3. Be a good human

  4. How your company approaches morals, ethics, and values, is becoming a forefront issue

  5. How do I get involved, what do I do, what can I say to make a difference? This is a tough, inner, looking at yourself moment

  6. “I’m privileged that I can take a stand in my business, and if someone doesn’t agree with me, I can afford to let them go. I don’t look at it in dollars and cents, but I look at it as what I put out, I attract back to me. Not everyone is as fortunate as that.  For me, if I didn’t get business because of it, that’s okay and I’m fine with that.” – Anne

  7. I’ve always been on a platform for education – it’s in my blood and who I am. This moment in time is super educational and I’m committed to help educate on the issues I believe in. I’m all for moving forward, educating, and evolving.

  8. This is a movement of equality, and your feelings bleed over into who you are as a business owner

  9. Like attracts like. Don’t we want to work with clients who believe in a similar value system and equality?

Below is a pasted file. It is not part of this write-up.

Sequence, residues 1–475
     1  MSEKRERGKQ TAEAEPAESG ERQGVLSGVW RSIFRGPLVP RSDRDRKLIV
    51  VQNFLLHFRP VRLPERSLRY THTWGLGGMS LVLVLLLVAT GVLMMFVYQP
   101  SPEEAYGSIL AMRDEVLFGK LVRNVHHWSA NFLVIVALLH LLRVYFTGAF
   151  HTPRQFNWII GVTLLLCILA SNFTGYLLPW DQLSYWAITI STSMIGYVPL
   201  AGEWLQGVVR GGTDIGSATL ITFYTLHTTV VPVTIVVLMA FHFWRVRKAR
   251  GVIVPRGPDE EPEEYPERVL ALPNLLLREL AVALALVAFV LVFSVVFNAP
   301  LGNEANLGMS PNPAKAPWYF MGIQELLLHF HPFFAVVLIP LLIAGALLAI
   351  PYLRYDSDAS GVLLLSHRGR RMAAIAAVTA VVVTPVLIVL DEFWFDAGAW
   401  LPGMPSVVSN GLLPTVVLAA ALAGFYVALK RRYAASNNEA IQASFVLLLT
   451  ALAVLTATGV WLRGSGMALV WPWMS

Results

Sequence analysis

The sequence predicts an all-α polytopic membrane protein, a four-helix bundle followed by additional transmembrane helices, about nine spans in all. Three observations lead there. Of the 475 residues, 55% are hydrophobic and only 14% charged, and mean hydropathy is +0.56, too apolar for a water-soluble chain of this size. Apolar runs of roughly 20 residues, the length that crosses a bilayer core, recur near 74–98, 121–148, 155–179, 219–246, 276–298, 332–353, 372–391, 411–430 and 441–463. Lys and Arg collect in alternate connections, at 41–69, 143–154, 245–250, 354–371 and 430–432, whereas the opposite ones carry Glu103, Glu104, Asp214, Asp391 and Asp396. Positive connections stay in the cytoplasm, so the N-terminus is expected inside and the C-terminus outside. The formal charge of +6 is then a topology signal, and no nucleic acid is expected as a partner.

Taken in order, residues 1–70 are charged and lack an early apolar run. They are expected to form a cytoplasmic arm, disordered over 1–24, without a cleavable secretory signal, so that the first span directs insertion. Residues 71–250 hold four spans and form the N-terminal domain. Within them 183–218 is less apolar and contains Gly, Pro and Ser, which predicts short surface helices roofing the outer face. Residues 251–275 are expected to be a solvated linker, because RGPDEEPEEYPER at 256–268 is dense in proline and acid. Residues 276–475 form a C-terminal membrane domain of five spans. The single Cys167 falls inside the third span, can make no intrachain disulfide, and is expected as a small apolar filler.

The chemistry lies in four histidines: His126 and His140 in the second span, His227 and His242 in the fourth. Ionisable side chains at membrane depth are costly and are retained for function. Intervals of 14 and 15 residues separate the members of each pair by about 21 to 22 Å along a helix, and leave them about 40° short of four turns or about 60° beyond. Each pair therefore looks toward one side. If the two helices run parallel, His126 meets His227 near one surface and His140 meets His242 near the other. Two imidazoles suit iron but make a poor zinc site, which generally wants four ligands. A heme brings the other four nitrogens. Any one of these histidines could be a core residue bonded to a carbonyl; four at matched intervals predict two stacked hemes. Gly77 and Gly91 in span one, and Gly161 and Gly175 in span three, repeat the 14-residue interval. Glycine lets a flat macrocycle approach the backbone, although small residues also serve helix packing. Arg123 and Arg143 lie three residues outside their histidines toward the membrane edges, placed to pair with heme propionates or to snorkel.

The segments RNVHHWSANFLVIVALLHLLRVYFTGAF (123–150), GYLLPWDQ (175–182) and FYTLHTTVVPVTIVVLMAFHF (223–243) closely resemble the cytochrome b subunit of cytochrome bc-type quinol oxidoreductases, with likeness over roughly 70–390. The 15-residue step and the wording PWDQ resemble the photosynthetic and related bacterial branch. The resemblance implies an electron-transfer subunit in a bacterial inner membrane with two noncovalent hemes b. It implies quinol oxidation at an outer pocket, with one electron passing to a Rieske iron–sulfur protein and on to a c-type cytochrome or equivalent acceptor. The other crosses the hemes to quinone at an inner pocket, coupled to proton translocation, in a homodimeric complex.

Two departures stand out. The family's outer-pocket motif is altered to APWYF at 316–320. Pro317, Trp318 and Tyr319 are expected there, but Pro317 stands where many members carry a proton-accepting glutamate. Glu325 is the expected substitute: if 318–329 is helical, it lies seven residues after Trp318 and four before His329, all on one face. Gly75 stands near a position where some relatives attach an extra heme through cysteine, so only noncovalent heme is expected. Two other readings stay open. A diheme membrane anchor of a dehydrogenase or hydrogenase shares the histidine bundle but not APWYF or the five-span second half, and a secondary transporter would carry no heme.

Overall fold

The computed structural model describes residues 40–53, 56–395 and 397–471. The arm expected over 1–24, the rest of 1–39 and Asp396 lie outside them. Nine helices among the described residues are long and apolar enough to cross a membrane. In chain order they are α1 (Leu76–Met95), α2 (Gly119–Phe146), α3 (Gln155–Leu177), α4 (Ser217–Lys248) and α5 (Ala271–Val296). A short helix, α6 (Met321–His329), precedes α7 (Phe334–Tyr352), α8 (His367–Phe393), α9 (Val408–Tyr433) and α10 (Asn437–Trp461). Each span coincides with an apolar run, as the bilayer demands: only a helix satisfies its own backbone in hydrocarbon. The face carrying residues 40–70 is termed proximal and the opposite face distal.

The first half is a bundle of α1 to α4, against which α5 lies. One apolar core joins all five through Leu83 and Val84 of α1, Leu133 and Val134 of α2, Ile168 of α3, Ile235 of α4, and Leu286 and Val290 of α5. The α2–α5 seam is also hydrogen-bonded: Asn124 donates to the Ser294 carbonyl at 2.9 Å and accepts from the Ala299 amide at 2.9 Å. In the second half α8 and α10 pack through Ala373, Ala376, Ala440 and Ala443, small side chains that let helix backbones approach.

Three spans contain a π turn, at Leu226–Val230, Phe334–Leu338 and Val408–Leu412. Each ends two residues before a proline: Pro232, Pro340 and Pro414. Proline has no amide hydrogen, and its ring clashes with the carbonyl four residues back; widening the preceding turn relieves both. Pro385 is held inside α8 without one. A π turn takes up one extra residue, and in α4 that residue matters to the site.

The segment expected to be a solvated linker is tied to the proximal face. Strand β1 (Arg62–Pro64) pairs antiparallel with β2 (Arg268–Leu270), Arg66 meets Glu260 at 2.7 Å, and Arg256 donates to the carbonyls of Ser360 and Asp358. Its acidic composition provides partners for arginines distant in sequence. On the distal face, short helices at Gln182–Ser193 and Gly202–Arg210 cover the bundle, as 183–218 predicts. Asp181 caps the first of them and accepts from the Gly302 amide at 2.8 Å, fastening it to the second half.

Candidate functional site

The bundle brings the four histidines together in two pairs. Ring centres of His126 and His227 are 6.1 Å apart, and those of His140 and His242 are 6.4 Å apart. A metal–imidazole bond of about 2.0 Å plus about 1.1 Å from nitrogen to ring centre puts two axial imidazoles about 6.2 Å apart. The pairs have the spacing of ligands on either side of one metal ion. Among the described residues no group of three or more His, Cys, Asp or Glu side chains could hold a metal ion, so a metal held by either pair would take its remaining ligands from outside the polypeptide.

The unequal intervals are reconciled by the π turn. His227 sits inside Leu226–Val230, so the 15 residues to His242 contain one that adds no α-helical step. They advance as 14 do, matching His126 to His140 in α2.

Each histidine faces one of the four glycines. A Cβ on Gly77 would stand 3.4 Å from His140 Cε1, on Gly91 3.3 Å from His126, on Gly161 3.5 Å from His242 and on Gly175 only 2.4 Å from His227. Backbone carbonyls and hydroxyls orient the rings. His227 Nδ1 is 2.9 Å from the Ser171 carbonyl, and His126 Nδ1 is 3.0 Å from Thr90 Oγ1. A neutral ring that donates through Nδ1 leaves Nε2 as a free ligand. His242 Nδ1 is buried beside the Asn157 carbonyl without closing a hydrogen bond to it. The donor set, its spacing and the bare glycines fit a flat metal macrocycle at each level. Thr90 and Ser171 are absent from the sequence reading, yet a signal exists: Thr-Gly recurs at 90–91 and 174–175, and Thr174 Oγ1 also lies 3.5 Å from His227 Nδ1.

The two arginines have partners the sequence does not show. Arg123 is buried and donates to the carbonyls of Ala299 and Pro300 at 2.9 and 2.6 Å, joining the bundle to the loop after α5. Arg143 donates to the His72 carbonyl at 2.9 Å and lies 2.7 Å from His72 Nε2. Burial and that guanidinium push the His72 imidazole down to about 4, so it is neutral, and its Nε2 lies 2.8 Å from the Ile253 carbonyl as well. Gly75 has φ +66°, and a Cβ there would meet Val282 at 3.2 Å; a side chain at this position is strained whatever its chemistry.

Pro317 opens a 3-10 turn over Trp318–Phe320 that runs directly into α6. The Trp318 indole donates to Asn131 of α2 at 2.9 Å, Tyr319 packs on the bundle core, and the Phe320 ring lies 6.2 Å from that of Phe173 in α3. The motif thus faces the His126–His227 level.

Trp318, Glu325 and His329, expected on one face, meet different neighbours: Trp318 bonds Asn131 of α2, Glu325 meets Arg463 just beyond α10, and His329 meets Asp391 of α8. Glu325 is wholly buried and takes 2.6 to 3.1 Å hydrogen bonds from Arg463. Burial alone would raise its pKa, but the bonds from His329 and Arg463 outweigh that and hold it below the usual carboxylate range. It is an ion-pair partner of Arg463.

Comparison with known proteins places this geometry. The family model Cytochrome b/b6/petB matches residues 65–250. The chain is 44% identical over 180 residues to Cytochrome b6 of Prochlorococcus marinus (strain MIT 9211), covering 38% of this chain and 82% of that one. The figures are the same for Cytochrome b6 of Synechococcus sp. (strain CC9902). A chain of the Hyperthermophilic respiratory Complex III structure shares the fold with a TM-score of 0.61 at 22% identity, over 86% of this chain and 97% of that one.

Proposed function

10. This is an important opportunity to really think inward about your beliefs

  11. Decide the mission and values that you want for your company

  12. At the end of the day, we all have to look at ourselves in the mirror and decide how we are going to participate

  13. Words are one thing, but actions are more important 

  14. Every day is an opportunity to take a stand with your brand

  15. Every little step is a step forward

  16. “My intent, desire, and commitment moving forward is to be more inclusive and to elevate BIPOC voices on the podcast.” – Anne

  17. All of us as business owners should ask ourselves: “how can I incorporate my ethics and morals into my business in a positive way?” Once we do so, we can progress.

  18. I hope all BOSSES out there feel empowered with more education and move forward with positivity and love.